Media streams (SDP/RTP) behind NAT

Now that we have the signaling path taken care of, it is time to turn our attention to the media streams.  SIP messages that setup the RTP media path use the media description protocol (SDP, RFC 4566).  This SDP is not NAT-aware, and can only be used behind NAT with the help of other protocols.

solution 1

This solution assumes that the DID is “smart” about NAT.  By “smart”, I mean that it ignores the RTP port in the SDP payload and waits until it receives media packets from the NAT’d client.  It then look for the actual source port of the incoming RTP stream and start sending media there, instead.

solution 2: RTP port forwarding

If the DID is not “smart” about NAT, you add a static forwarding of external port range 16384-16482 for RTP.  This however requires the configuration on the NAT router for each SIP phone.

  • On the edge router
    • NAT/QoS > Port Range Forwardin
      • voip rtp, 16384-16482, UDP, 10.0.1.10 (or whatever the addr for the VoIP adapter)
  • On the VoIP adapter
    • Voice > SIP
      • NAT Support Parameters (documentation)
        • EXT RTP Port Min = 16384  (minimal RTP port used to replace private UDP port specified in SDP “m=” line)

solution 3: outbound proxy

For an example message trace refer to SIP/SDP trace using MilkFish as outbound proxy.  If incoming calls are unreliable, read this comment.

solution 4: ICE

This solution takes advantage of an external server to discover the external addr/port or to relay RTP streams.  It uses the Interactive Connectivity Establishment protocol (ICE, RFC 5245), that in turn relies on:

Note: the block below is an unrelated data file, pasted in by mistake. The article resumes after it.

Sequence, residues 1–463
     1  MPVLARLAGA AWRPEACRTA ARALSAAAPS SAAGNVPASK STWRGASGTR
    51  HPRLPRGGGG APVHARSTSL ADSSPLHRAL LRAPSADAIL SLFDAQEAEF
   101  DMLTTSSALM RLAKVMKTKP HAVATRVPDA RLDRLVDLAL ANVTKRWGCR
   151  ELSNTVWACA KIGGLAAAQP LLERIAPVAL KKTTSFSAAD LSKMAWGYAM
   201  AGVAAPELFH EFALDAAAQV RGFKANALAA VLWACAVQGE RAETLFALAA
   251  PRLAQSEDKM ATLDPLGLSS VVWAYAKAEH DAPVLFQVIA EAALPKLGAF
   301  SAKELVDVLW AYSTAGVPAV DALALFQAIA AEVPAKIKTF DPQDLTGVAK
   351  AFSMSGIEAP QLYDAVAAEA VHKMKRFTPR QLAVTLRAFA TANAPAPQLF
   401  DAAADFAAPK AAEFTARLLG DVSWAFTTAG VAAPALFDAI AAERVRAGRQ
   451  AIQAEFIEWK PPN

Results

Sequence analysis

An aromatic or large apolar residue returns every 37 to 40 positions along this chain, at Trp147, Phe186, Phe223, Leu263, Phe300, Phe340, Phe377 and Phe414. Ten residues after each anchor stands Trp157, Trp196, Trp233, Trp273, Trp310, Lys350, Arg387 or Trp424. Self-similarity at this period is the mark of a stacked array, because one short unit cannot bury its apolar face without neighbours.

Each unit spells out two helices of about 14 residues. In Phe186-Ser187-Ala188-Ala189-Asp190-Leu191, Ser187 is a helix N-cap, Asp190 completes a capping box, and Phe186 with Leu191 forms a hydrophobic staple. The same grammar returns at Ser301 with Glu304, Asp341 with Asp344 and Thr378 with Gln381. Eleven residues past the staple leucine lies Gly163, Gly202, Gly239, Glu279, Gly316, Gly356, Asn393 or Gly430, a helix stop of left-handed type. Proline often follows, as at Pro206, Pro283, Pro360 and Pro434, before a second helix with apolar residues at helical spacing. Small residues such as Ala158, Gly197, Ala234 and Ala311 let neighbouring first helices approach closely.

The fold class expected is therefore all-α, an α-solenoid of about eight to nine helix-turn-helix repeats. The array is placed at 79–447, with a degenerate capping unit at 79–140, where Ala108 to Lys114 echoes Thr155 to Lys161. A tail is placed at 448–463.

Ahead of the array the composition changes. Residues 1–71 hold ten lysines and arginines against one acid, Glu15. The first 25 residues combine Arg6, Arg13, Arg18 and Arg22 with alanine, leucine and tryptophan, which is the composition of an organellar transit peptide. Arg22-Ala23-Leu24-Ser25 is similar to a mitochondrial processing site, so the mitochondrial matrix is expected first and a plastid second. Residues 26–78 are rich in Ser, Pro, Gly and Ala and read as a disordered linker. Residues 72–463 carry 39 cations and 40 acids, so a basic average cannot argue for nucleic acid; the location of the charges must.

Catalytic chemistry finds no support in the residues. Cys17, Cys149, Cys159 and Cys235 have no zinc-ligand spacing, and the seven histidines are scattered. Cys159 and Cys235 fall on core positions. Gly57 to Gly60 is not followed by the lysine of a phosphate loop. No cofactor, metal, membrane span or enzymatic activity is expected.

• Traversal Using Relays around NAT (TURN, RFC5766) to both discover external addr/port and relay messages.  When no TURN server is available it falls back to:
  • Session Traversal Utilities  for NAT (STUN, RFC5389) to discover external addr/port

ICE allows the end-points (AKA agents) to discover enough information about their topologies to potentially find one or more paths by which they can communicate.  It prioritizes candidate pairs and checks the candidate pairs.  In the special case, where both end-points are behind NAT, it relies on both end-points first sending STUN requests for candidate pairs to create the binding.

Debugging and other notes

  • on the SPA2102:
    • Voice > Line 1 > SIP Settings > SIP Debug Option = full
    • Voice > System > Miscellaneous Settings > Debug Server = yoursyslogserver
  • or, use Wireshark
    • filter: port 5060 or udp portrange 16384-32767

For information on improving SIP routing using sipsorcery.com read these instructions.

Quality of Service (QoS) [work in progress]

VoIP phone calls are very sensitive to delay and jitter.  We are the mercy of the network for most of the route, but we do have control over our often congested edge router.  There the outgoing VoIP traffic has compete with other network traffic for limited bandwidth.  By applying simple traffic shaping we can prioritize VoIP and other interactive traffic such as SSH.

Suddenly, the old Type-of-Service (ToS) field in the IPv4 becomes more meaningful.   This paragraph describes how to use this field to label traffic types, and how to shape the outgoing traffic based on this field.  Most Linux and Windows applications use ToS for QoS.